The term “Sepharad” has been in use since the eighth century in reference to Spain and the Spanish Jews, and, by extension, has been applied to all the Jews in the communities around the Mediterranean.
Little is known of the Spanish-Jewish communities before the eighth century. During the Roman Empire Jews were considered foreigners, or non-Romans. Under the reign of the Visigoth kings, who were ethnically Aryans, the Jews were tolerated and many lived as farmers.
In 586 King Recaredo converted to Christianity, and the Jews in Spain subsequently endured nearly a century of persecutions and forced conversions.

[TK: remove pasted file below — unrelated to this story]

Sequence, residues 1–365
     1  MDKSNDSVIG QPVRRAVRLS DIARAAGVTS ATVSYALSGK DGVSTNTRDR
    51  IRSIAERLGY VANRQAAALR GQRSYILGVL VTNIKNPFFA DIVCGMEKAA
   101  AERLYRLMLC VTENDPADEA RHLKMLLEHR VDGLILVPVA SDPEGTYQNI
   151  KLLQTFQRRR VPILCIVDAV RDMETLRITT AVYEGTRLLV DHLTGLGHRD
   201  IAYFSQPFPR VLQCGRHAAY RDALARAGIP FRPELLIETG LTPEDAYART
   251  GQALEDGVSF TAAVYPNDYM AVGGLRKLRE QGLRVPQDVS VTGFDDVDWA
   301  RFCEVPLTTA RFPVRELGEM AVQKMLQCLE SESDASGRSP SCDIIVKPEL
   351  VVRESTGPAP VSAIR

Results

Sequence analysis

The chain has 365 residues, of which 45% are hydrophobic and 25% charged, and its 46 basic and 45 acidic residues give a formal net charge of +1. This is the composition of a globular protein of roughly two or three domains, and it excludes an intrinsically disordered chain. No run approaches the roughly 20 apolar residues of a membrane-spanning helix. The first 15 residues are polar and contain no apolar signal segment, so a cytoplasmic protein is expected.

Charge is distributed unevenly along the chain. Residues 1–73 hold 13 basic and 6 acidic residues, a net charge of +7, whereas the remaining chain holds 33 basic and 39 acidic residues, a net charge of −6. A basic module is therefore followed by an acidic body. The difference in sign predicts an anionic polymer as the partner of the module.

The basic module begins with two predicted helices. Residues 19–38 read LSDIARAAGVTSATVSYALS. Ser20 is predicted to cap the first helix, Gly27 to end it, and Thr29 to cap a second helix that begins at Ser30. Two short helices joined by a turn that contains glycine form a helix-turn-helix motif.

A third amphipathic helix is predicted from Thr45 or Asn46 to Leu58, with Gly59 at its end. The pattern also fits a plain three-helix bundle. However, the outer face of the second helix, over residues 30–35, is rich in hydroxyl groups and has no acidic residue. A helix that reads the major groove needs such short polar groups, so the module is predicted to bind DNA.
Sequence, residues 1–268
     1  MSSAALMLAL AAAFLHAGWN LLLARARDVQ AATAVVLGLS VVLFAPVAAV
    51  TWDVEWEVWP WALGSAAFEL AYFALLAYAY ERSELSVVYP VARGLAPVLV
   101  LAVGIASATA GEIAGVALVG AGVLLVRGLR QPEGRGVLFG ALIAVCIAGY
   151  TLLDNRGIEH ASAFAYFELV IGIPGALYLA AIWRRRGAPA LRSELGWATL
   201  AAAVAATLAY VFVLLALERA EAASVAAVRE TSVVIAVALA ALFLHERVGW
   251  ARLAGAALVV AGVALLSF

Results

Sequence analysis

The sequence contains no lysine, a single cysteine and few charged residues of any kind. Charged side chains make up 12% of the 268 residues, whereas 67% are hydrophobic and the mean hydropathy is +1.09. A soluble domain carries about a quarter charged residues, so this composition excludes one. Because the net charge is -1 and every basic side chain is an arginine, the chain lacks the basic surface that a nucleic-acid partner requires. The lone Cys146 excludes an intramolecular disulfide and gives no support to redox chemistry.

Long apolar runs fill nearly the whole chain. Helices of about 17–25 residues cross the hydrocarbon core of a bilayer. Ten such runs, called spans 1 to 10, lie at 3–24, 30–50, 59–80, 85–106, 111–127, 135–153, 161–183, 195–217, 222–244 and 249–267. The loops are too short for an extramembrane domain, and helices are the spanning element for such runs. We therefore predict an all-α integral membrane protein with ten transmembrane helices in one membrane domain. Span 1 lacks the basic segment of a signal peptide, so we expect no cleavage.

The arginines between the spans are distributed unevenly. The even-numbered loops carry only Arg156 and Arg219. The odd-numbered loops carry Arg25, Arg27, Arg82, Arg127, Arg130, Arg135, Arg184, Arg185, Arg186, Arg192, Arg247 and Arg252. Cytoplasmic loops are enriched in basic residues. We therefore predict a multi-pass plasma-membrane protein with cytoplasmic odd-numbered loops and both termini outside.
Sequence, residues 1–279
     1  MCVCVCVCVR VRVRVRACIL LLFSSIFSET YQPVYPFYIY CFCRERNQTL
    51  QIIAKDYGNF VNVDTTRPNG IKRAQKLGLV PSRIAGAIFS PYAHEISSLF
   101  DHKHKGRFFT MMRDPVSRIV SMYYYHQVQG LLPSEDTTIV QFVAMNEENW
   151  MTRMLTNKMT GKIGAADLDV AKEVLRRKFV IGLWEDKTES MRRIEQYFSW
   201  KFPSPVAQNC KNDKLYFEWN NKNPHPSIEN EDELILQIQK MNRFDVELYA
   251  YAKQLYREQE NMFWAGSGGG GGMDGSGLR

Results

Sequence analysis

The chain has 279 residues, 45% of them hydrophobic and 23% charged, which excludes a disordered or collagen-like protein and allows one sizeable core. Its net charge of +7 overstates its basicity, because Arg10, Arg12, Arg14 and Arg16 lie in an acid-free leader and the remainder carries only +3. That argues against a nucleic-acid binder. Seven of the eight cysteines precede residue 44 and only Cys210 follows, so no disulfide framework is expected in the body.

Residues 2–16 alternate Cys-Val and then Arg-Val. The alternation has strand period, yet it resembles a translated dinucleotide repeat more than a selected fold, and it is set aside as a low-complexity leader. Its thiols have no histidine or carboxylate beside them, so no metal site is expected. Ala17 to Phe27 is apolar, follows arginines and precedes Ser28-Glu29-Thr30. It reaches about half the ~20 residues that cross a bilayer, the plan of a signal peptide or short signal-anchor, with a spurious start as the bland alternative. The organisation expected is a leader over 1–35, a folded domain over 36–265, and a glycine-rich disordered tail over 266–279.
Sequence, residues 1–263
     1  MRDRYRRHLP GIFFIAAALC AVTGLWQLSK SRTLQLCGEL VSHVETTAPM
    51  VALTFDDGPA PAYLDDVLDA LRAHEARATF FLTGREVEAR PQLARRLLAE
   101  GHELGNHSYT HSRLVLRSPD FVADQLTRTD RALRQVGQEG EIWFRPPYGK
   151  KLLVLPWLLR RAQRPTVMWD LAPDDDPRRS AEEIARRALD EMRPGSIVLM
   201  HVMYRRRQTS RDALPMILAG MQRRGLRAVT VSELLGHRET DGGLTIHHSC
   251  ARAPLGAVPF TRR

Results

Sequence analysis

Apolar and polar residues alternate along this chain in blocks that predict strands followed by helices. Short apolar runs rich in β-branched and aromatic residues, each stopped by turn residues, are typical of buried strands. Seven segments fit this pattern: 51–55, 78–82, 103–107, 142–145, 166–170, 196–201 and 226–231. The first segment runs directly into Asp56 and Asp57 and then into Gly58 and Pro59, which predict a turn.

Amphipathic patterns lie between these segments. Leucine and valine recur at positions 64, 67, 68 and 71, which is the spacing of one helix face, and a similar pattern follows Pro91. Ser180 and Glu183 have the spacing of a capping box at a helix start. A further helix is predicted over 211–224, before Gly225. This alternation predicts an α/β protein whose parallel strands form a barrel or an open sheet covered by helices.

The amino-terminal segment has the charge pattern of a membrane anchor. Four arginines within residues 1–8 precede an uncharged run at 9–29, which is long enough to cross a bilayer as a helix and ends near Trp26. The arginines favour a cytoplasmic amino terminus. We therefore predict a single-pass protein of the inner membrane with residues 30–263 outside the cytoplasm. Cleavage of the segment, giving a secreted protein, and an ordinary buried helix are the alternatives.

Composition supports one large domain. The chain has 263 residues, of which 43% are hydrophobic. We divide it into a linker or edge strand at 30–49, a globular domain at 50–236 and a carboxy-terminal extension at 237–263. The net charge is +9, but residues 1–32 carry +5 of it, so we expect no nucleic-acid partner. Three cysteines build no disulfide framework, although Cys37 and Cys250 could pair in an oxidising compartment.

When Arabs arrived on the Penninsula in 711 Jews allied themselves with them. The Arab forces were in dire need of faithful allies since they were few in numbers. It was actually in the interest of both communities to get along, especially after a large number of Jews from the Maghreb joined the ranks of the Moors and the Jews of the Sepharad.
The importance of this Jewish minority is reflected in the naming of several “Jewish cities” including the southern city of Granada, Tarragona, and Lucena. As urban settlements began to develop there was a growing need for shopkeepers and administrators, functions Arabs and Berbers greatly disliked.